Kyiv and Moscow to hold talks on Ukraine crisis ′as soon as possible′ | News | DW | 02.01.2015
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Kyiv and Moscow to hold talks on Ukraine crisis 'as soon as possible'

Germany says Russian and Ukrainian officials have agreed to hold another meeting "as soon as possible" to find a lasting solution to the conflict in eastern Ukraine. The commitment is aimed at kick starting peace talks.

The consensus was reached during a four-way telephone conference among German Foreign Minister Frank-Walter Steinmeier and his counterparts in Russia, Ukraine and France, a German
Foreign Ministry spokesman said on Friday.

"There was agreement that a meeting of the contact group should take place as soon as possible," the spokesman said, without providing a possible date for the meeting, or saying at what diplomatic level it would take place.

The Ukraine contact group is made up of representatives from Russia, Ukraine and the Organization for Security and Cooperation in Europe (OSCE).

During Friday's conference call, foreign ministers Steinmeier, Sergei Lavrov of Russia, Pavlo Klimkin of Ukraine and Laurent Fabius of France reportedly said they would continue to work together towards ending the crisis in eastern Ukraine.

Latest bid to set up talks

For some time, Germany and France have been seeking to revive peace talks among Kyiv, Moscow and the pro-Russian separatists.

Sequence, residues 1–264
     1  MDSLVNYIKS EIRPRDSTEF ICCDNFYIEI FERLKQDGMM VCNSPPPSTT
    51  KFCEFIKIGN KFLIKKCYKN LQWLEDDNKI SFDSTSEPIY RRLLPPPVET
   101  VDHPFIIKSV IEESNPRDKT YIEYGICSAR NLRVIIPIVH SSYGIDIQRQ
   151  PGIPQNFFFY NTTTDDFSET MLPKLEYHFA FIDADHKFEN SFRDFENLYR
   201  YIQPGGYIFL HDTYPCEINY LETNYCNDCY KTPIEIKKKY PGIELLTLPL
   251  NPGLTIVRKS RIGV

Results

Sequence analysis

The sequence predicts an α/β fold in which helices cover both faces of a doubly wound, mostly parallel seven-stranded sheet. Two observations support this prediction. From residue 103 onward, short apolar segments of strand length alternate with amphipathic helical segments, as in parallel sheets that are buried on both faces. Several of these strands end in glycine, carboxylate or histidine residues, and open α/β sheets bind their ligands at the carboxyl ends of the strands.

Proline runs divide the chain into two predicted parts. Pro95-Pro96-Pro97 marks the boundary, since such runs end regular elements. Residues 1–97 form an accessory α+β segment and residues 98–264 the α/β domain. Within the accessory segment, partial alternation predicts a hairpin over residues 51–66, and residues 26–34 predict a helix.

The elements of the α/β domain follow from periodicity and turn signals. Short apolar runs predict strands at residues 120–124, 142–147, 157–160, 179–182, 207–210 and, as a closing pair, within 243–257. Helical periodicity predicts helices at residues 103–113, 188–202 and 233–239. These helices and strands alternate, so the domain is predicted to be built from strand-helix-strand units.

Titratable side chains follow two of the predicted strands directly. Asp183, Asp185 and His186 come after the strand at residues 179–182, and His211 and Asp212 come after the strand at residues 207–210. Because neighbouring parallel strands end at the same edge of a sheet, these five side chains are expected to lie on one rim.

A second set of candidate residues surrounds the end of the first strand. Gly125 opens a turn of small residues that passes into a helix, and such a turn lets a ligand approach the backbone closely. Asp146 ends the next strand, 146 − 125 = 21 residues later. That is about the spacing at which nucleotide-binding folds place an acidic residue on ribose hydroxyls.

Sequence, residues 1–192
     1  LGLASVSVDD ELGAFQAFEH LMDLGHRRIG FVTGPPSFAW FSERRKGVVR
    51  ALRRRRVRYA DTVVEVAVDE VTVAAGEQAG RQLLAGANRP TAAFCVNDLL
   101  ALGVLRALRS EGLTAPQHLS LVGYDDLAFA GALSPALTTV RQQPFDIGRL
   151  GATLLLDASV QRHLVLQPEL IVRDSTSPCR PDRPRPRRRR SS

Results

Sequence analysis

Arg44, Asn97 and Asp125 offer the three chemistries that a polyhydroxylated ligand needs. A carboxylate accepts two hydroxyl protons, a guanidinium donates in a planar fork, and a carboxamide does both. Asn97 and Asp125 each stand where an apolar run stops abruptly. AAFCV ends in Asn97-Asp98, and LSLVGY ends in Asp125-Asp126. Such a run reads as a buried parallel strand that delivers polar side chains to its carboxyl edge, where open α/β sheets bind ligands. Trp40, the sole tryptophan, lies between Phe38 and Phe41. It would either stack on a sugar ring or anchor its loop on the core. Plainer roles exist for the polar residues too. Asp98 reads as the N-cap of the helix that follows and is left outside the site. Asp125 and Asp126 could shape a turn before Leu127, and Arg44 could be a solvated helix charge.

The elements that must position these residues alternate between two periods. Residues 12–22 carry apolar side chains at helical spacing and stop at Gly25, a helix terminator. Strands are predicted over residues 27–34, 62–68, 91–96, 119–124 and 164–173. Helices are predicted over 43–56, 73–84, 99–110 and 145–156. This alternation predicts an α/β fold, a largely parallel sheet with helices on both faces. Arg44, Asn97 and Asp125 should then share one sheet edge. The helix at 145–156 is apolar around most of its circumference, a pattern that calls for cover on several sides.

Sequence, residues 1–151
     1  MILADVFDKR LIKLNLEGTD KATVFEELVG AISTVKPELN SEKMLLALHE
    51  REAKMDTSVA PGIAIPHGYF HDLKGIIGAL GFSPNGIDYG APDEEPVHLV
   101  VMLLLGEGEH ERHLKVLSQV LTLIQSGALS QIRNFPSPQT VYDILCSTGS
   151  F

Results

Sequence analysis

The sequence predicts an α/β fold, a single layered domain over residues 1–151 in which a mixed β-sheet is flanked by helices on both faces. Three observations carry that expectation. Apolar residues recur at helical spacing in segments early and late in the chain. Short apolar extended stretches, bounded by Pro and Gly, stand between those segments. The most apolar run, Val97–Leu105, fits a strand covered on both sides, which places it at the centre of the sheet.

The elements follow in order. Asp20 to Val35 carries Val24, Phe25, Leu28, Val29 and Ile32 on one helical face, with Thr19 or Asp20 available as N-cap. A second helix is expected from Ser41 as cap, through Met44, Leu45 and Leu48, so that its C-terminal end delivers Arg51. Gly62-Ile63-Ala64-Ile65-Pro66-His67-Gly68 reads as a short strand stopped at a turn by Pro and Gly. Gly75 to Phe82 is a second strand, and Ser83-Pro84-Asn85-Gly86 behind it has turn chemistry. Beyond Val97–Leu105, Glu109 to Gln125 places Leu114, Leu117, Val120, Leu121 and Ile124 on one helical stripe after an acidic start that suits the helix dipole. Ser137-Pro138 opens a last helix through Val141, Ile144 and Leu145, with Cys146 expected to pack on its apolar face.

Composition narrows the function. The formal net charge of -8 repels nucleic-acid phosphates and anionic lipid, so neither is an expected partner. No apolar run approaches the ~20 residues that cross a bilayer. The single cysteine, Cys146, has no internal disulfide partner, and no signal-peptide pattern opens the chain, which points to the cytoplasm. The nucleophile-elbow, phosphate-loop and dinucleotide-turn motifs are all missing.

On Monday, Ukrainian President Petro Poroshenko had said he planned to meet with Russian President Vladimir Putin, German Chancellor Angela Merkel and French President Francois Hollande in Kazakhstan on January 15, but this has not yet been confirmed.

The last gathering of the Ukraine contact group was held on December 25 in the Belarusian capital, Minsk, and ended without a commitment to hold further talks.

Ceasefire violated

A ceasefire agreement signed at a contact group meeting with the separatists in Minsk on September 5 has been repeatedly violated.

More than 4,600 people have been killed in eastern Ukraine since fighting broke out between Kyiv soldiers and separatists in April 2014 following Russia's annexation of Crimea.

Ukraine and several Western countries accuse Russia of supporting the rebels with military aid, a charge which Moscow has denied.

Russia decries 'Bandera' march

Meanwhile, Russia has expressed anger over a march of Ukrainian nationalists in Kyiv on Thursday. Thousands turned out to honor the anti-Soviet insurgent Stepan Bandera, who would have turned 106 on January 1.

Bandera attempted to establish a Ukrainian state independent of the Soviet Union during World War II, and remains a controversial figure in the country. Russia has labeled him a Nazi collaborator for fighting alongside invading German forces during the war.

nm/ipj (dpa, AFP)

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